"Peers witness bullying interactions about 85 percent of the
time, but they rarely intervene," says Nickerson, who cited
"wonderful" organizations and community resources available to help
children and families with the challenges they face. "And parents
should have no hesitation in seeking these out.
"For parents who suspect or are made aware that their child is
bullying others, I would encourage them to resist the urge to deny
that this is occurring and seek out ways to actively work with the
child to teach him or her that this is not acceptable behavior,"
Nickerson urged parents to be vigilant about ways that children
treat each other starting at a very young age. They should be aware
of "teachable moments" to get across what behaviors are acceptable
and what are not.
"As children get older, parents should talk openly with their
children about ways to stand up for someone being bullied and how
to seek help," she said. "Even as children enter the challenging
adolescent years, they still need parents to be involved in their
lives and to guide them in making good choices and treating others
Nickerson acknowledged the increasing attention bullying has
received throughout the country and internationally. Nickerson said
there is no research to suggest bullying behavior is on the rise.
Instead, the most recent and credible data show bullying is
surprisingly consistent across different cultures and
What is different is the methods of bullying, she says, with
cyberbullying being a particularly prominent example.
"I'm delighted that the Alberti Center will have such a highly
qualified person as its first director," Alberti says. "I'm looking
forward to meeting her in the near future to hear of her plans for
the center and share my ideas with her."
Alberti says she hopes the center that bears her name will find
ways to reach bullying victims besides traditional academic
"We have to go beyond academia, into the media," she says,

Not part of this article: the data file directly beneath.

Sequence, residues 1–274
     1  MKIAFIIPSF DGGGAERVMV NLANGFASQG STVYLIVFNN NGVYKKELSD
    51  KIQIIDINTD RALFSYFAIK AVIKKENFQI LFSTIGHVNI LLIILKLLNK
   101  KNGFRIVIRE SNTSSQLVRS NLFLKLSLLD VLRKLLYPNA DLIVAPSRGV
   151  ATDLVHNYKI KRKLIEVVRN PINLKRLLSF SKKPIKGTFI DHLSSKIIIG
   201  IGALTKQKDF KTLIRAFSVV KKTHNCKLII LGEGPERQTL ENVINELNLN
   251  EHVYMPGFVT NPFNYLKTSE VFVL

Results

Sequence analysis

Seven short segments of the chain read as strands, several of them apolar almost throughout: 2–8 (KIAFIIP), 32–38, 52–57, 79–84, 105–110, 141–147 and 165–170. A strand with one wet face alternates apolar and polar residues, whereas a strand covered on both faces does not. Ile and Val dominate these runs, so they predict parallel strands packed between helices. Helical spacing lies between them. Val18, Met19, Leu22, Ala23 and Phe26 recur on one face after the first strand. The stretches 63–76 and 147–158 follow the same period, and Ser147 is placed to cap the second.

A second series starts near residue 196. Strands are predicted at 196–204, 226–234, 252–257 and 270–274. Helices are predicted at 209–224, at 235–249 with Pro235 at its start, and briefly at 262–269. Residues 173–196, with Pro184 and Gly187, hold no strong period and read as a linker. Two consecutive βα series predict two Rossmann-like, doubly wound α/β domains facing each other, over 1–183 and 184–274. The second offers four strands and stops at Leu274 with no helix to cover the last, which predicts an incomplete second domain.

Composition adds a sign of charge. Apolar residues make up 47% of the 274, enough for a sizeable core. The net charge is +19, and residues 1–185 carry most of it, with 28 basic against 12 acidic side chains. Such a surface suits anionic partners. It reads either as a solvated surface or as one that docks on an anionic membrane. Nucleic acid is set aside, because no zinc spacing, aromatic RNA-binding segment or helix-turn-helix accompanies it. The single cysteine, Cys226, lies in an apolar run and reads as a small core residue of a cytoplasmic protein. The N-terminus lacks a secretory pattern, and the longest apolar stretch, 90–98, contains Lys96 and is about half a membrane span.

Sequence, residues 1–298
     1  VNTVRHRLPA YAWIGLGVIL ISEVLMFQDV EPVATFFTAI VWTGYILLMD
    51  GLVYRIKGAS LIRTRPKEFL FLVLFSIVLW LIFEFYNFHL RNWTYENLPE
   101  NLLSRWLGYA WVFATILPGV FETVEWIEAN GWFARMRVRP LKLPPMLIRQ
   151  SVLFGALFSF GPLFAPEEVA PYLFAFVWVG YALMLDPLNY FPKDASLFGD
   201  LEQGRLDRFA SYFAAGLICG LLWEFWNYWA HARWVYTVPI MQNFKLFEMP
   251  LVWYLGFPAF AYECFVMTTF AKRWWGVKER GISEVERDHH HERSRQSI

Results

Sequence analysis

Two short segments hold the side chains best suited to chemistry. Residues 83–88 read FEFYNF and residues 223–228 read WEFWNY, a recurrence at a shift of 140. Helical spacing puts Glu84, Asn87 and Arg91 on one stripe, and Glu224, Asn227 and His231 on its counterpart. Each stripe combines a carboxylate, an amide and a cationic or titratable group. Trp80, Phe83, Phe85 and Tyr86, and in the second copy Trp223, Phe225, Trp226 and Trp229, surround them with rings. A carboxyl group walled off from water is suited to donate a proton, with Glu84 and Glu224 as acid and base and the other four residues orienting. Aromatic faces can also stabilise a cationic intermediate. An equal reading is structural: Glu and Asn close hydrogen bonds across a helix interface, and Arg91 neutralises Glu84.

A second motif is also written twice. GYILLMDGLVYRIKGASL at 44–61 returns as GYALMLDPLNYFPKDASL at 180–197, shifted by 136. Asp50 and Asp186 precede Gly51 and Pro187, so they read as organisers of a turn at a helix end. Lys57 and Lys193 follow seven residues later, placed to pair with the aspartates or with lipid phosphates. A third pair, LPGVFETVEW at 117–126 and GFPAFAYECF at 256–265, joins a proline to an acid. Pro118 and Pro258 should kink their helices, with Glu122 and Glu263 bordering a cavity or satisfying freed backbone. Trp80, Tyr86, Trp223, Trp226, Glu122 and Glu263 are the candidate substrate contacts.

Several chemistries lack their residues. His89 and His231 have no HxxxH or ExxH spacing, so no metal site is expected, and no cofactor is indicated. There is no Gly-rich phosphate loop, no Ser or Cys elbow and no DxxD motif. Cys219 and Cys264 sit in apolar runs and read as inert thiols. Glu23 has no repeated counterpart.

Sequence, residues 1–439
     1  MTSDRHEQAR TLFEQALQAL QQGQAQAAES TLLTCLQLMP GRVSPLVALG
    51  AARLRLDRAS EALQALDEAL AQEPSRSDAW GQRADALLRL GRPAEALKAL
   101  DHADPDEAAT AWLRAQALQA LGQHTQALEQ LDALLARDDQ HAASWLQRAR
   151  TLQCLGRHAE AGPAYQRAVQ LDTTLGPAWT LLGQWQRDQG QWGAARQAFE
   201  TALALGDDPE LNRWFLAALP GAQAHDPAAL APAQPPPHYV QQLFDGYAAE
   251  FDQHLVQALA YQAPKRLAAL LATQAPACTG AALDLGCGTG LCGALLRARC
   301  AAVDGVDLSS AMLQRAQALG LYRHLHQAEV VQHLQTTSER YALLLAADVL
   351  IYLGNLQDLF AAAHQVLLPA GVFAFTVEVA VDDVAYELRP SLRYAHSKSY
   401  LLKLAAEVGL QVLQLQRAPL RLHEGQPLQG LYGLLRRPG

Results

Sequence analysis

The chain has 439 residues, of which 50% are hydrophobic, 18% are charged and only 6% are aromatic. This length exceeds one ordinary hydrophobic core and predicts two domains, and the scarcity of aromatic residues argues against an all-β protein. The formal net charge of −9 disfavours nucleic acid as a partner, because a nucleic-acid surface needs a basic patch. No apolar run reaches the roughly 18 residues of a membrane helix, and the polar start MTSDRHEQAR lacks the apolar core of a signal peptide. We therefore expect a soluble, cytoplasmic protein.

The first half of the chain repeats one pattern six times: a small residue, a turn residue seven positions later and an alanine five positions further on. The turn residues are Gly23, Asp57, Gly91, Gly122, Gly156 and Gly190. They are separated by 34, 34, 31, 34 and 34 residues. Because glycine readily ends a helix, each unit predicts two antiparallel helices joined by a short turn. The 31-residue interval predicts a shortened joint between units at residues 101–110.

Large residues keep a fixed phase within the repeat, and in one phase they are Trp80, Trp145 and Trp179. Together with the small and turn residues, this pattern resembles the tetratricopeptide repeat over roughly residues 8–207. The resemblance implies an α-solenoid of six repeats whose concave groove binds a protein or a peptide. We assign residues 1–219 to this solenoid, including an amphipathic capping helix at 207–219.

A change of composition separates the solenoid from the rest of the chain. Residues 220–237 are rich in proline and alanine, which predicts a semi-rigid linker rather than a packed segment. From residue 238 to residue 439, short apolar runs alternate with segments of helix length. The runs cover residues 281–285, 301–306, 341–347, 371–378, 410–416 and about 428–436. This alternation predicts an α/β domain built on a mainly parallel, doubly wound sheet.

"because, I believe, the media -- computer games, video games and
others -- are one of the reasons for the increase in bullying and
Alberti chose UB's Graduate School of Education for the gift
after Gresham learned about Alberti's concept of bullying as child
abuse by children and invited her to deliver a lecture on it at UB
A native of West Hartford, Conn., Nickerson attended Bates
College in Lewiston, Maine, graduating with a bachelor's of art
degree in psychology in 1994. She worked at the Devereux
Foundation, a large, private mental health organization serving
children and families with mental health needs for two years, then
earned her doctorate degree in school psychology from the
University of South Carolina.
Nickerson and her husband, who will working for UB in the
administrative computing department called Enterprise Application
Services, will move to Western New York with their two sons, ages 6
The University at Buffalo is a premier research-intensive public
university, a flagship institution in the State University of New
York system and its largest and most comprehensive campus. UB's
more than 28,000 students pursue their academic interests through
more than 300 undergraduate, graduate and professional degree
programs. Founded in 1846, the University at Buffalo is a member of
the Association of American Universities.